Campus Crusade for Christ Blamed for Death

     ORLANDO (CN) – A young evangelist was murdered on a mission to Kazakhstan, in which his team had to “speak in code” and “pose” as having other jobs, and the Campus Crusade for Christ failed to warn him of the legal and actual dangers of the work, his parents claim in court.
     Travis Eiler was killed in a hotel room in Kazakhstan in December 2011. He was suffocated with a plastic bag.
     His father, Eric Eiler, sued the nonprofit religious group for his son’s wrongful death, in Orange County Court.
     Campus Crusade for Christ’s mission is to “win, build and send Christ-centered multiplying disciples who launch spiritual movements,” according to its website.
     The group sent Travis Eiler, of Myrtle Beach, S.C., to Shymkent, in southern Kazakhstan, a region that is 70 percent Islamic.
     Eric Eiler claims the Campus Crusade knew Christians were in the minority there and it would be dangerous for crusaders: “Due to the nature of the mission based, in part on the environment, the participants were to speak in code,” the complaint states. “For example, ‘ice cream socials’ were not events where ice cream was served; rather, they were organized events where Christianity was observed. Likewise, the participants posed as English teacher at various universities.”
     Travis’ job was to “declare the glory of Jesus to each student on every campus in Shymkent and spark a gospel awakening in Central Asia and the world,” the complaint states, citing the Crusade’s Central Asia Strategic Plan 2011.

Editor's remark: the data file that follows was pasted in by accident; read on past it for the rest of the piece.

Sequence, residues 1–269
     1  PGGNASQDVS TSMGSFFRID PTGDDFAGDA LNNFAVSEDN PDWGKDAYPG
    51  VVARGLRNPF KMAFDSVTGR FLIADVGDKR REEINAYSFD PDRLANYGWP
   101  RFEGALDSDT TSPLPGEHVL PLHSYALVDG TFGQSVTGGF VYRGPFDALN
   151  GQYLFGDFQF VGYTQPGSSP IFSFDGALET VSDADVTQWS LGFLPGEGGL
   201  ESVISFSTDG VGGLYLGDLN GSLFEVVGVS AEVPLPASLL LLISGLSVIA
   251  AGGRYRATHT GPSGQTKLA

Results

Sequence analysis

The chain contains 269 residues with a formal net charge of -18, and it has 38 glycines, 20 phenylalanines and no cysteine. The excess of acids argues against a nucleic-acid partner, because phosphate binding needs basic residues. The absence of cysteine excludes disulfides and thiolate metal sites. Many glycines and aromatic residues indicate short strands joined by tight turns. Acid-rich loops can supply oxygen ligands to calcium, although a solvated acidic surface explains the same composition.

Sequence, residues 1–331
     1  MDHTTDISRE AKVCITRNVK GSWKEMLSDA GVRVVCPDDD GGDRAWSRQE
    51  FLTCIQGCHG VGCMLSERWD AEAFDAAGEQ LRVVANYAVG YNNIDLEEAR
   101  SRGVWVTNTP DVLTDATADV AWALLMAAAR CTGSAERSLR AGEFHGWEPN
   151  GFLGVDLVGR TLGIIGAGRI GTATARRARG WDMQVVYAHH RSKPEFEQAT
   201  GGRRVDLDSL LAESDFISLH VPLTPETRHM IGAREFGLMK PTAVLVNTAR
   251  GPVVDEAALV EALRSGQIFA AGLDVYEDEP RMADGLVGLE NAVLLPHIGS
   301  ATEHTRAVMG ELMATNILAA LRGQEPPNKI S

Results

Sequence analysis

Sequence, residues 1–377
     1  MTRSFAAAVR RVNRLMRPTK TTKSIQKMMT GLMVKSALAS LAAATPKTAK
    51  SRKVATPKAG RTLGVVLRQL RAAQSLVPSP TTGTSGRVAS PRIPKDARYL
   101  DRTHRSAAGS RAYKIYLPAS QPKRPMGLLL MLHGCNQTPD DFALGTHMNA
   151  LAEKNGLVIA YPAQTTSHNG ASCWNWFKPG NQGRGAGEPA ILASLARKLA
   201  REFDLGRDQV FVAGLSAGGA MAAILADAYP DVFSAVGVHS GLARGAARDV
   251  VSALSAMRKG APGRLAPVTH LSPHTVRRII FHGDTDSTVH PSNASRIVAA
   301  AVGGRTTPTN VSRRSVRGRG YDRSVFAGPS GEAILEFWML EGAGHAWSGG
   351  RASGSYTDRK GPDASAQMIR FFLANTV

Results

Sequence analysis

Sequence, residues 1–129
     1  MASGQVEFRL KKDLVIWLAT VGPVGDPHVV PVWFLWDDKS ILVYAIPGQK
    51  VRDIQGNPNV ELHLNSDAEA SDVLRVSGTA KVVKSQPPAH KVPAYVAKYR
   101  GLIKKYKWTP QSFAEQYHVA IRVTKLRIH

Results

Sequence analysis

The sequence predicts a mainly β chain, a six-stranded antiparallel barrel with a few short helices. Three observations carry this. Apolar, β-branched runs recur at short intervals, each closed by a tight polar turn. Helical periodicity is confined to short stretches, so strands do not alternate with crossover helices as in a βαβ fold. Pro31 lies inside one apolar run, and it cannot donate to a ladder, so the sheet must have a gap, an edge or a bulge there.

Eiler said he believes participants had to find their own apartments and raise their own money to fund the trip.
     The timing was bad. In October 2011, Kazakhstan President Nursultan Nazarbayev had signed two laws restricting freedom for religious minorities.
     The laws required religious groups to register before carrying out religious activity, and no person could register unless he had been invited to do missionary work by a registered organization, according to the lawsuit.
     Eiler claims the Crusade did not register or make its presence known before or after the laws were passed, nor did it take sufficient measures for the safety of its members already there.
     Eiler claims his son was killed as a result of the Crusade’s negligence.
     The Campus Crusade “intentionally, deliberately and with reckless disregard for his health and safety, sent Travis on the religious mission to Shymkent,” according to the complaint.
     Travis’s parents seek damages for wrongful death, negligence, emotional distress and loss of consortium, and funeral expenses.
     They are represented by Carolyn Salzmann, of Winter Park, Fla.

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